The commission said its decision was premised on the District Level Elections Regulations, 2015, (C.I. 89), which stipulates that district level elections should be non-partisan.
A statement issued by the Deputy Chairman of the EC in charge of operations, Mr Amadu Sulley, said:
“Candidates are to note that they shall present themselves as individuals and shall not use the name, motto, colour or symbol associated with a political party or organisation.”
It again reminded candidates that Regulation 4(1)(b) “allows a candidate to have only the name and photograph on his/her poster.”
The statement said for the avoidance of doubt, the poster of a candidate must not have any symbol or colour apart from the photograph and the name of that candidate.
“Any candidate who contravenes any of the provisions of the law will have his/her nomination cancelled by the Commission,” it said.
The EC set September 1, 2015, for the district assembly elections. The new date follows a Supreme Court ruling which declared the one slated for March 3, 2015, as unconstitutional.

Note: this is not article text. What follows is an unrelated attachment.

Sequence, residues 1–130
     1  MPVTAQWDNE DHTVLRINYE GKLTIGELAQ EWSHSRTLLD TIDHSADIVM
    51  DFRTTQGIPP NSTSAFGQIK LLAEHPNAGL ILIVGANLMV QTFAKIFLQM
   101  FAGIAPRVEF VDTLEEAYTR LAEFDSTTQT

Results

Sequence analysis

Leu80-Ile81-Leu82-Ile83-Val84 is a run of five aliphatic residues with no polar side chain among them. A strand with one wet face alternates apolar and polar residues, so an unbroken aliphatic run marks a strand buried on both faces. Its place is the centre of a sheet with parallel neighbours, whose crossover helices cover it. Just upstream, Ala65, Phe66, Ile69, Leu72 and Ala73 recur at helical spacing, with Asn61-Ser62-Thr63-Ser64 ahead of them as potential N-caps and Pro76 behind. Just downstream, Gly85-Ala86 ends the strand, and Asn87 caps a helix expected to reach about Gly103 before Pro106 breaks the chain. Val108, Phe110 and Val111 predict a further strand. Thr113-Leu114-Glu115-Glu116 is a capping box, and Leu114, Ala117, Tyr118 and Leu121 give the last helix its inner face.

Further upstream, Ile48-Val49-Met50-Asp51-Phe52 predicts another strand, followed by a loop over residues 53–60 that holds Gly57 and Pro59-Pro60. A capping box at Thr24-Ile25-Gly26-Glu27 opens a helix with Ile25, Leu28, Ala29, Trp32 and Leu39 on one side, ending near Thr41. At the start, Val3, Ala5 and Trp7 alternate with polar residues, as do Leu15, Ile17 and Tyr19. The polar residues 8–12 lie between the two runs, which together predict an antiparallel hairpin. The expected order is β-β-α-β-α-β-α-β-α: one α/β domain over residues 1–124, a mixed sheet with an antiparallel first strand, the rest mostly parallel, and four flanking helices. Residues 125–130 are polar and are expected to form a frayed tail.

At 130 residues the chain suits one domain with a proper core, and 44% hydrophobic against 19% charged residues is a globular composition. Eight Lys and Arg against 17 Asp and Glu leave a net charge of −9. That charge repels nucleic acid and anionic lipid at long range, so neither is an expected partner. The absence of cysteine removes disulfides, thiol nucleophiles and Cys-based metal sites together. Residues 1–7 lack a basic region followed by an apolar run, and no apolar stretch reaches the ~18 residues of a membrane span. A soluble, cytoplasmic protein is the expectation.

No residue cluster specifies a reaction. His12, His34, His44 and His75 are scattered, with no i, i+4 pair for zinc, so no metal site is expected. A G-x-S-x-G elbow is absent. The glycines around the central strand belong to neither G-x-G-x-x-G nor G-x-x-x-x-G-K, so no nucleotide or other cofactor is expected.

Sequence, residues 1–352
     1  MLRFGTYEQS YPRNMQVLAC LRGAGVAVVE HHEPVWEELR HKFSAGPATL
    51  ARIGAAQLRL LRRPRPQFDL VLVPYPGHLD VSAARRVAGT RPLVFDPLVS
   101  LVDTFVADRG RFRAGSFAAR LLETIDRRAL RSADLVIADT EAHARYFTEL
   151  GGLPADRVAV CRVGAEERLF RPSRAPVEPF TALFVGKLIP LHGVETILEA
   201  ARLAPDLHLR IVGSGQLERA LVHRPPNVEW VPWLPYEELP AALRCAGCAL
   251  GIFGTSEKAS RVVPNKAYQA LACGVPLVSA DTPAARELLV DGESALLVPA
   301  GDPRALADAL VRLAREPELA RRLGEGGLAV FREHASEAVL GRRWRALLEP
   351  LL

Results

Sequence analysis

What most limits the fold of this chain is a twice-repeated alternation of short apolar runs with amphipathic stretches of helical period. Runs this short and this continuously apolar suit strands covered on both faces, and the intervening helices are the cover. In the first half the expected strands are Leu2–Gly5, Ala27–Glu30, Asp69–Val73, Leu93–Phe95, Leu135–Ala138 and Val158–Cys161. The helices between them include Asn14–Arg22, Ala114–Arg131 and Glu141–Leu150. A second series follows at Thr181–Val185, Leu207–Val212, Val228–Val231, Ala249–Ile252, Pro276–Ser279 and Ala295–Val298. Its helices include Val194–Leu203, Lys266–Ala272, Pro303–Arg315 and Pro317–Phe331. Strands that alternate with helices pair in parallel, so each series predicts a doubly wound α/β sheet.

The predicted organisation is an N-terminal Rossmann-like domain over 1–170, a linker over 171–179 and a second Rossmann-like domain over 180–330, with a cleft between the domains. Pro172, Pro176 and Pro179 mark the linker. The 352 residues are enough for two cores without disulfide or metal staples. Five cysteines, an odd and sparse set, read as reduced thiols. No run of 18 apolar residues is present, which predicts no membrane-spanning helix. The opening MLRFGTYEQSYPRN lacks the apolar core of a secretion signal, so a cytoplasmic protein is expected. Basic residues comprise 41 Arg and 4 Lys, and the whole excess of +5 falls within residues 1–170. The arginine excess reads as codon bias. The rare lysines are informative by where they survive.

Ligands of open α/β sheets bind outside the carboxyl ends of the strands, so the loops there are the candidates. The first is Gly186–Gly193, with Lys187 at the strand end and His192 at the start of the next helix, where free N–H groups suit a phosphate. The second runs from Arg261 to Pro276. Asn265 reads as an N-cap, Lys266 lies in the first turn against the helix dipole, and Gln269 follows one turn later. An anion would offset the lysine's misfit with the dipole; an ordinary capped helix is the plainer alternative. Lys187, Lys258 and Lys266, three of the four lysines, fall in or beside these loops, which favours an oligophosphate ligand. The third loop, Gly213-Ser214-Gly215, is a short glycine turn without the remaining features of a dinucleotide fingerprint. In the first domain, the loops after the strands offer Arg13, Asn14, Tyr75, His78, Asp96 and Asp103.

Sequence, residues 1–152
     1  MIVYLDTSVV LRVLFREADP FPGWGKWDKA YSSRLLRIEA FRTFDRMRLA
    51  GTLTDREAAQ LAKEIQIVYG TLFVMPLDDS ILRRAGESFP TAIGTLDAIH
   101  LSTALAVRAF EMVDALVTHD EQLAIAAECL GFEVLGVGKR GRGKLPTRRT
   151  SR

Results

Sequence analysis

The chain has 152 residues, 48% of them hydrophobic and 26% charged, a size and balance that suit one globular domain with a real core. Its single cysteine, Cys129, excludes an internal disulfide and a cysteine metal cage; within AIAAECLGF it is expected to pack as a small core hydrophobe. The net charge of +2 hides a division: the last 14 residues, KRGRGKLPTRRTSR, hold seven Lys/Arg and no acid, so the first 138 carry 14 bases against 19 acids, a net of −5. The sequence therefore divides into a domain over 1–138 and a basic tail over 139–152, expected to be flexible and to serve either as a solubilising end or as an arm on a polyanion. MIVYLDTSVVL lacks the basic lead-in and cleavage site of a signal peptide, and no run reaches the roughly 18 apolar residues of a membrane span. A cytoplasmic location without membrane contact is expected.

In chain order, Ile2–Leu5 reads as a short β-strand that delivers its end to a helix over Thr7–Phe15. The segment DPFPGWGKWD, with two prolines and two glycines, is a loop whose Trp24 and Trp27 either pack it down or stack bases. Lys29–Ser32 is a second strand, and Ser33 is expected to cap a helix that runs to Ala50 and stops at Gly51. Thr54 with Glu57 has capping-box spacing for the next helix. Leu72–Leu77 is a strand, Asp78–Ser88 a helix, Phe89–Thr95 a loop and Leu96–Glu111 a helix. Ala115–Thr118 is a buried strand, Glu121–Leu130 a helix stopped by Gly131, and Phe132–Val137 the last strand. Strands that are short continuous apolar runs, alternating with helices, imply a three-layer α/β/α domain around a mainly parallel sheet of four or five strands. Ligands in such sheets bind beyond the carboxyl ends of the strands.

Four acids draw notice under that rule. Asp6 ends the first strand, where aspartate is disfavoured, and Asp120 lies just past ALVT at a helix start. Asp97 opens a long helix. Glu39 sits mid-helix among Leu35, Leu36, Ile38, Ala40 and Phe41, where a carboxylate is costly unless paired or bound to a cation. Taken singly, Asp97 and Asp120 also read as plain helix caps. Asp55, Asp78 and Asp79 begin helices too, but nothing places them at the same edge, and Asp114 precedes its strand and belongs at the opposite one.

The Supreme Court, on February 27, ruled that holding the elections on March 3 would be unconstitutional and therefore ordered the EC to reopen nominations and fix a new date for the polls.
This was after an aspirant from Winneba, Mr Benjamin Eyi Mensah, had filed a writ at the court seeking an injunction on the elections.
He argued that even before the CI 85, which was to guide the conduct of the elections could come into effect, the EC had opened and closed nominations.
According to him, as a law-abiding citizen, he had waited for the CI to come into effect before filing his nomination, and when it took effect, he went to the office of the EC in Winneba to file his documents only to find, to his utter shock, that the EC had closed nominations.
The CI 89 has now been passed into law by Parliament.